Do You Know What You Want To Do?
When I went to college I wanted to study art and design. But after a lot of thought I decided I’d be better off getting a business degree. It wasn’t until Introduction to Accounting with professor Doug Snowball that I discovered just how wrong I was.
A few weeks of accounting passed without incident. I was mostly lost and mostly bored but I kept attending Accounting 101 because of both professor Snowball’s funny top ten lists and because a big part of his class grade was based on mandatory attendance. I might not have had any idea what amortization meant, but I was certainly capable of showing up on time.
But this day was different. After attendance, professor Snowball posed this question to the class: “Tell me,” he asked with his Australian accent, “is a client deposit an asset or a liability?”
My hand shot up. For once I knew the answer to one of Snowball’s questions!
Professor Snowball looked confused as he examined my raised hand. Because I had never opened my mouth he had no idea who I was.
“Yes, Mr…” Snowball paused while he scanned his seating chart looking for my name. “…Mr. Turkle?” (people who don’t know me pronounce my name “Turkle” instead of “Tur-Kell.) “YOU know the answer?”
“Yes sir” I responded excitedly.
“Okay Mr. Turkle. Please tell us. Is a client deposit an asset or a liability?”
“It’s an asset!” I said, proud as punch.
Professor Snowball looked crestfallen. “I’m sorry Mr. Turkle, a client deposit is a liability.”
“No it’s not sir. It’s an asset.”
“I’m sorry to disappoint you, Mr. Turkle, but a client deposit is a liability. It belongs on the right side of the balance sheet. When you receive a deposit, you owe either products or services against it. I assure you a deposit is a liability.”
“With all due respect sir,” I answered, “if I have YOUR money then it is an asset. I believe most small businesses would pronounce that working capital. And my name’s pronounced Tur-Kéll – not Turkle – by the way.”
With that professor Snowball burst out laughing.
“I see your point Mr. Turkel. What it tells me is that you probably will not be a very good accountant.” He paused before continuing, “But you’ll make a hell of an entrepreneur. You need to think about what you want to do.”
A couple of weeks later my dad came to Gainesville on a business trip and took me out to dinner. We were chatting about this and that when my dad asked how I liked the University of Florida.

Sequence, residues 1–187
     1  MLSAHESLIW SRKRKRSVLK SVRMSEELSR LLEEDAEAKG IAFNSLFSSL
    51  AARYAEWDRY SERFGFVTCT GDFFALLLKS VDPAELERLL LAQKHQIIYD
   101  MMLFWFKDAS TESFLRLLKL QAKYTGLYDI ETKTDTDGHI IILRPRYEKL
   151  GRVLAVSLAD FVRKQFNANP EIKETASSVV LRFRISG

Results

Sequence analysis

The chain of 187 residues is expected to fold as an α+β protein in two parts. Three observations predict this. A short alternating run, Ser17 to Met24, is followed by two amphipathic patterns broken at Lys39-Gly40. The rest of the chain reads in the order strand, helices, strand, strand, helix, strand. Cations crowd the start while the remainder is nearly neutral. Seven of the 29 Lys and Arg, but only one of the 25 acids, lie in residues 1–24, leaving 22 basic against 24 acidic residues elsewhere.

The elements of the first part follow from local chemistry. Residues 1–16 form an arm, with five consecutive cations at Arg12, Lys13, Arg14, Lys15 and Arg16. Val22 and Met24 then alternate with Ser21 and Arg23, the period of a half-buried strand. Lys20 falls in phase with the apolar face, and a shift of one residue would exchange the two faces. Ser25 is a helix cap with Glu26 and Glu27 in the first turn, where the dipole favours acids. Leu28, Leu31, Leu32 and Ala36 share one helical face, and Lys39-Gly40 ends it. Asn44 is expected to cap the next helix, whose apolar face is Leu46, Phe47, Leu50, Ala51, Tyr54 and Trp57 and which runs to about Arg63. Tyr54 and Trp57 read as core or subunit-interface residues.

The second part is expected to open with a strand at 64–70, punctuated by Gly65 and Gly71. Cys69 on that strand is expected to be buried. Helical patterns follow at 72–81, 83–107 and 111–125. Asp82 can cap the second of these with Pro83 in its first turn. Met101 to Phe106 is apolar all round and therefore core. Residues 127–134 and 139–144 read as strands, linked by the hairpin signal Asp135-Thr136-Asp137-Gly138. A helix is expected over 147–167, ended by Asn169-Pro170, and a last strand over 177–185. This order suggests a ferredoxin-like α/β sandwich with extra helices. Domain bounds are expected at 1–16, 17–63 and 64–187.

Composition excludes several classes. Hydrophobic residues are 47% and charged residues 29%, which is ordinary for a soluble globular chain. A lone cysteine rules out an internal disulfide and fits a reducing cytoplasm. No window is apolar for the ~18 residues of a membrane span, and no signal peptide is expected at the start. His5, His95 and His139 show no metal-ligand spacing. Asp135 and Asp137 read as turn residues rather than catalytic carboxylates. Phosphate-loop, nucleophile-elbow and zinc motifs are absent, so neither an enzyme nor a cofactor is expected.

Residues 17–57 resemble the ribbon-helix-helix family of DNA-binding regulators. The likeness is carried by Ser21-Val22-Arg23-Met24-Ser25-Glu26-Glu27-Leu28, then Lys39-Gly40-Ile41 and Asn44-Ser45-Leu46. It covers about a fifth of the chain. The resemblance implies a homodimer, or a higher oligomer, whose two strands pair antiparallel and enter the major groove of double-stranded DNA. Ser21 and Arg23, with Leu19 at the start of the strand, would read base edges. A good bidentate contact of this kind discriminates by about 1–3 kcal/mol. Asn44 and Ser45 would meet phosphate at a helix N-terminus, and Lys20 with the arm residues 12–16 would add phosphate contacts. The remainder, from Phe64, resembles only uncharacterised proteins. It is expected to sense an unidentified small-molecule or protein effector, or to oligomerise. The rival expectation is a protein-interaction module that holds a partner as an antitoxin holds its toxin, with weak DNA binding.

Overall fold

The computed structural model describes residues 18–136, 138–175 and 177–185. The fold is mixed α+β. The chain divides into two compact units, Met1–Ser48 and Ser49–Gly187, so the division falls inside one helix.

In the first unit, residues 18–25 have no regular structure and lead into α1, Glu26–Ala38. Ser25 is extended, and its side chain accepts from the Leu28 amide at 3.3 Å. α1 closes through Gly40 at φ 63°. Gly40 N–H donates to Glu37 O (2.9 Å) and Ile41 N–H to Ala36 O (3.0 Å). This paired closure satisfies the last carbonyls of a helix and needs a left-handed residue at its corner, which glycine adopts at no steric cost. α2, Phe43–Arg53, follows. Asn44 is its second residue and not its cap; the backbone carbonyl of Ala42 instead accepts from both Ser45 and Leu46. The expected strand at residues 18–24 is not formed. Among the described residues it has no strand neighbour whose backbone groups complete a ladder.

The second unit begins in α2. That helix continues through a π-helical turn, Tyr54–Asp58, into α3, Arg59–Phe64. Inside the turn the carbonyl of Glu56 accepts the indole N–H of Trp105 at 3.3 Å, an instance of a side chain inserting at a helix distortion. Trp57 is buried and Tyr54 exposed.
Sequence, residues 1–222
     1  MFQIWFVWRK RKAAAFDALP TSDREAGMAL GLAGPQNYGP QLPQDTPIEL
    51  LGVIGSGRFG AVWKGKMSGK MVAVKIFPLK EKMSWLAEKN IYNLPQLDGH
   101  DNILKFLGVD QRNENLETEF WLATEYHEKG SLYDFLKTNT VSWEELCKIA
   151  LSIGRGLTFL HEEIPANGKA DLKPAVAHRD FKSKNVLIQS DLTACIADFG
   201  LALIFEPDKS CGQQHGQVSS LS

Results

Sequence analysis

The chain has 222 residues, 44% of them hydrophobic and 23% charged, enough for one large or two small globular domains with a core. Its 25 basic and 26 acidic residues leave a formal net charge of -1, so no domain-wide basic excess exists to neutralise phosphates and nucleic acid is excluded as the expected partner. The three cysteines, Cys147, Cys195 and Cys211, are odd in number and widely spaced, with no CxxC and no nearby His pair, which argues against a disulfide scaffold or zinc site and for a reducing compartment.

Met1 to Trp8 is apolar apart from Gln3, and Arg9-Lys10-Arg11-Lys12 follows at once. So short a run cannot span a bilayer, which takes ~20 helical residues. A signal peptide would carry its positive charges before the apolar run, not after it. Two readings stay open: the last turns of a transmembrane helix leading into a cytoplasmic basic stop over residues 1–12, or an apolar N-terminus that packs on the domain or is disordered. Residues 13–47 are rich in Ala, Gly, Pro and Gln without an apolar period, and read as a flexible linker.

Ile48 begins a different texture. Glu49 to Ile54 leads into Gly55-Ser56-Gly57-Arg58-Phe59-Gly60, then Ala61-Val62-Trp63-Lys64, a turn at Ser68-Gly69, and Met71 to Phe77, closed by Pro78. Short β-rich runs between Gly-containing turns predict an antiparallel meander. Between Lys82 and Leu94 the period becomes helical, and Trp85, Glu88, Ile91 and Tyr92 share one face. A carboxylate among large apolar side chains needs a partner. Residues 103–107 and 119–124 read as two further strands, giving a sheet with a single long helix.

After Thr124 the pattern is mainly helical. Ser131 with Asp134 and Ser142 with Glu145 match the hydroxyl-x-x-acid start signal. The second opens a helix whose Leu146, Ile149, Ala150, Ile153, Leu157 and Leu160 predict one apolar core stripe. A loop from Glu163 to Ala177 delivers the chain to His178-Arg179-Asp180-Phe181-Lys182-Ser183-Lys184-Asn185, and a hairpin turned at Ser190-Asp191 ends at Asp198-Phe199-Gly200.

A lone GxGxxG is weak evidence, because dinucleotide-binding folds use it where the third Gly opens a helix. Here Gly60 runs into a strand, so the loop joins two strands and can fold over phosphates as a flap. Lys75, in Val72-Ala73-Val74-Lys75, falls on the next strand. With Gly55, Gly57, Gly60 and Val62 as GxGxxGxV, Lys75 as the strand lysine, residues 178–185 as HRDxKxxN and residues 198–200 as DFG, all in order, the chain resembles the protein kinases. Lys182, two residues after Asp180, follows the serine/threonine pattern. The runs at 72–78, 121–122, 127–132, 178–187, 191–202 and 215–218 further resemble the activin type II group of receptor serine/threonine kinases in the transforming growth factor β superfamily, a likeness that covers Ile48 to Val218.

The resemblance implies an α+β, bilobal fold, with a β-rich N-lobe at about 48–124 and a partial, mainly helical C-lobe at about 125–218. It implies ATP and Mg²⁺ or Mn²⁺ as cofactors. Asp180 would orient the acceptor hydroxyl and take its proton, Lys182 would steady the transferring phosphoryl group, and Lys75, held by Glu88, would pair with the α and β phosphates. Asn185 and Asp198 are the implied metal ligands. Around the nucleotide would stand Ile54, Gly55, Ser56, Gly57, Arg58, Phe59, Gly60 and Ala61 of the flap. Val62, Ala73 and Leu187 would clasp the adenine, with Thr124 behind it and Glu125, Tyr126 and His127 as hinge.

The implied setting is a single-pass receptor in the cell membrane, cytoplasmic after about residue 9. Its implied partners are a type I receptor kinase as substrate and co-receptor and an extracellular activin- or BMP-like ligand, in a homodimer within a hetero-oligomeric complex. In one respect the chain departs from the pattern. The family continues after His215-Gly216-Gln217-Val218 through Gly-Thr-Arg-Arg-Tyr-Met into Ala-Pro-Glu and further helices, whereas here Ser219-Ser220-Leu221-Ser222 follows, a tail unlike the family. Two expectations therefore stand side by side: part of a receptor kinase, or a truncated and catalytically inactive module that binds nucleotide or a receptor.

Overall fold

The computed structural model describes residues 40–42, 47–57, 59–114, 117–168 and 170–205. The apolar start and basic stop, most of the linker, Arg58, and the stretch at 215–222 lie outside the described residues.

I liked it fine, I told him. I was in a band, rooming with friends. There was lots to do and lots of cute girls and I was glad I was there.
My dad shook his head. That wasn’t what he meant. He wanted to know about my studies. Did I enjoy studying business?
“Actually,” I told him “I hate it. I don’t understand accounting at all, I can barely stay awake in my finance class, and I’m sure business ethics is an oxymoron.”
Then I told him the Snowball story.
“What do you want to study?” my dad asked.
“Art and design.”
“Then why are you studying business?”
“Because I don’t want to be a starving artist. I figured that business was the responsible thing to study. I figured if I get a business degree I can always get a job.”
“Look,” my dad answered, “Even if you study what you’re passionate about, when you graduate and go and get a job there will be days when you hate going to work. But imagine if you study something that you don’t like. What will your work days be like then? You should study what you want to do.”
Thanks to my dad’s good advice, I applied to the UF Design School. There was a bit of a sacrifice involved because the design school required different mandatory classes that I hadn’t taken and those mandatory classes added a few more semesters to my college career. But once I started taking classes in type design, printmaking, drawing, and graphic design I loved what I was doing and the people I was doing it with.
Why am I telling you this? Because my fondest hope for you in the new year is that you are either doing what you love or will make a new year’s resolution to figure out how to do so. I’m sure Professor Snowball — and my father — would both agree with that course of action.